The Joel Plaskett Emergency–Perhaps the most anticipated band of the night and they did not disappoint. I love this band. Joel Plaskett’s songwriting causes me to bow down, along with his high energy, interactive performance. He cleaned up at the ECMAs taking home 6 awards altogether. I admit I was a little star struck as I’ve been wanting to see these guys play for a long time now.

The Trews–o.k…confession time. We actually left before they went on. The truth was that the three of us were so exhausted and the place was very crowded. By this time we had been in this one pub for 5 hours and were very hungry. PLUS the washrooms were impossible to get to (unless you crowd surfed there) and two out of four stalls were broken. But, I have seen the Trews play before and our leaving is in no way discrediting their awesomeness. They are such a great band, amazing performers, and a fantastic pick for the headliners that night. I guess I am just getting old…

In the end I didn’t get home until 4 a.m. but it was worth it (this has largely to do with an hour-long wait in the MacDonald’s drive through–no exaggeration). The whole day had me thinking about a lot of things. First off, how much PHENOMENAL talent we have in the East Coast. There are still about a million artists I would have loved to have seen but didn’t get the chance like: the Chucky Danger Band, Damhnai Doyle, Tim Chaisson, Jessica Rhaye, Two Hours Traffic, Jon Matthews, Saddle River String Band, Adam Olmstead, Chelsea Nisbett, etc…I could got on and on. What I am saying is that for a small region we have a lot of talent.

Secondly, the truth about musicians is that they are really just popularized geeks. If they weren’t on stage holding a guitar then would anyone look twice? I am not saying they are over-rated. In fact, I am pleased that people appreciate good tunes when they hear them, but let’s call a spade a spade. Joel Plaskett is skinny and lanky and one of his band members wears a fedora…yet somehow I get a little drooly when he comes on stage. They are just like anyone else, maybe having even been more socially awkward than the average teenager. They had a passion and worked incessantly at it while their parents rolled their eyes at their obsessive need to learn a cheesy Barenaked Ladies’ guitar lick alone in their bedroom; meanwhile their friends played basketball and put far too much energy into thinking about the prom or how they could get beer for Friday night. They were probably in the band and played clarinet for years, or they joined the theatre club and sang solos in the high school production of Little Shop of Horrors. We kind of idolize them imagining them to have always been cool and naturally good at what they do, growing up listening to Simon and Garfunkle and Coltrane and never once being tricked into liking either top 40 hits or show tunes. I think it would be nicer to appreciate musicians for the passion and work they put into their music rather than for a false image that we often force upon them, filling our own need to idolize someone. I don’t think that is healthy for us or the artist.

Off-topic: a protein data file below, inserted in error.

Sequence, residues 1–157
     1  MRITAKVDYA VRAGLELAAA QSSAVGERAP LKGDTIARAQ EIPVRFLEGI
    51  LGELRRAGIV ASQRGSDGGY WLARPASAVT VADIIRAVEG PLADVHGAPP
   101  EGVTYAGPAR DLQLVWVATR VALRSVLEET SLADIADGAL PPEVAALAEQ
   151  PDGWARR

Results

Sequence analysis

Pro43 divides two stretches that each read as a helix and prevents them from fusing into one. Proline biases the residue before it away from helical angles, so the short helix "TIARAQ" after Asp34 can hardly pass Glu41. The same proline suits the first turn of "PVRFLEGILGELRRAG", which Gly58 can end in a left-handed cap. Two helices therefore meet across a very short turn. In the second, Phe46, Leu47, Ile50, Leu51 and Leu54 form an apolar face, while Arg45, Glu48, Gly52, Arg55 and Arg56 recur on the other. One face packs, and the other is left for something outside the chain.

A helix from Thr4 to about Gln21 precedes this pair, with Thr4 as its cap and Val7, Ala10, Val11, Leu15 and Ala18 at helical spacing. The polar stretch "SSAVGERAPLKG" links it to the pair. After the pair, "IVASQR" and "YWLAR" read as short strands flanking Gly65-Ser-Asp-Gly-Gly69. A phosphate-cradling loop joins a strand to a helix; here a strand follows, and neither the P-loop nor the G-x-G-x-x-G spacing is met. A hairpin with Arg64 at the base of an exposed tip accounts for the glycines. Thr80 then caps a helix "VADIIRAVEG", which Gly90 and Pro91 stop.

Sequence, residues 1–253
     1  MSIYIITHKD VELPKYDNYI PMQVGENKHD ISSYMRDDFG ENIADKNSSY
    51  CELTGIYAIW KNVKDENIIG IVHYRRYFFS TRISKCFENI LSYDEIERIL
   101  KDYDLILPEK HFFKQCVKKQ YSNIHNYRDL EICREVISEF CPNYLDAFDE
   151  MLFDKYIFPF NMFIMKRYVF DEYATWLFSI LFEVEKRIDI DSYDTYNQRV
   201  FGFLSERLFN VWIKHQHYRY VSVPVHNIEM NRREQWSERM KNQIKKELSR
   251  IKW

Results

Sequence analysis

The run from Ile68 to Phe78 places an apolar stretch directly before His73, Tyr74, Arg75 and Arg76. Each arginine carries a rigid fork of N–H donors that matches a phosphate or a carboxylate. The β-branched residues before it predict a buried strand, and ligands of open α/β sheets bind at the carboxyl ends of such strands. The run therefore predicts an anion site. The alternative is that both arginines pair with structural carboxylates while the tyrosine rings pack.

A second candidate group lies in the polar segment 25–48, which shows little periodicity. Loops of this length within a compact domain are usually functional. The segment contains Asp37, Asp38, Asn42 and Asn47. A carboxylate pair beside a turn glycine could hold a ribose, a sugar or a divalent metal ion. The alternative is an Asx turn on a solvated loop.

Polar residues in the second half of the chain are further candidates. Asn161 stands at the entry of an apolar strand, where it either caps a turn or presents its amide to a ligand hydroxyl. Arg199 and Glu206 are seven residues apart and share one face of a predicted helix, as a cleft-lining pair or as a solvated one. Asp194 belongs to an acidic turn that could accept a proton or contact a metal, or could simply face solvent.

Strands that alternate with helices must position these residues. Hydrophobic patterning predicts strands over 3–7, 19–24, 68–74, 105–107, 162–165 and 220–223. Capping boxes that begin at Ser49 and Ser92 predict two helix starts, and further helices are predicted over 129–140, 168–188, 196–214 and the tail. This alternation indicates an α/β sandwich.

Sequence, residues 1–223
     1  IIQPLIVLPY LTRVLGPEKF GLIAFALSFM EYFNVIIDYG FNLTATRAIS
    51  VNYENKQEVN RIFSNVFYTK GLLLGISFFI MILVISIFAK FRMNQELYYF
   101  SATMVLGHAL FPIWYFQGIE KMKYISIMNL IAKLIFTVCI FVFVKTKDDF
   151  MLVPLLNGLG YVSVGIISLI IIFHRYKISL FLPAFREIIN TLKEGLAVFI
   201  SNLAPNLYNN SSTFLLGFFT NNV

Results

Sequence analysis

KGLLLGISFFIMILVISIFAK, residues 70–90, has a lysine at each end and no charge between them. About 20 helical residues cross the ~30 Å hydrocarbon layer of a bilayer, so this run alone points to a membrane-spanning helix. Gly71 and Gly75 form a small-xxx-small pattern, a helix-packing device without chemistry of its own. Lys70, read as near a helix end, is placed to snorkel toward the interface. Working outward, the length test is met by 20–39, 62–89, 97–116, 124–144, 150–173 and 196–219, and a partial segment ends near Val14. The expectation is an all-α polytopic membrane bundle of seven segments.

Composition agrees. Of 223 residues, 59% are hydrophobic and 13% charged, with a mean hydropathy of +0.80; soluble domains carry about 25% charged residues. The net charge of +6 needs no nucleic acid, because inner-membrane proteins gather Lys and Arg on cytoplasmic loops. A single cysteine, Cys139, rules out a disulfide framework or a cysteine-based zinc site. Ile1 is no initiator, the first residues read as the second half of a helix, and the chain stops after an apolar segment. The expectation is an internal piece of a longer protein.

But that’s just my opinion. Anyone else?


2 Responses to “East Coast Music Awards”

  1. 1 Rachel February 13, 2008 at 8:57 pm

    Jill Barber is great!!

    I have a friend obsessed with Joel Plaskett. He’s married to this woman, Becky. My friend yells out, “Becky Sucks!” – and then found out that it was that Becky sitting in front of her. Embarrassing. This was a pointless story to tell you, but anyway… 😛

    “the truth about musicians is that they are really just popularized geeks” YES.

  2. 2 Barrett February 14, 2008 at 3:32 pm

    you are dead on, my dear. It is utterly amazing how much talent we have in the Maritimes. “Can someone give me a hand with all this talent?”

    Two Hours Traffic is playing here in Guelph next Thursday, and I’ll be there with bells on! Well not literally…that might distract from the band.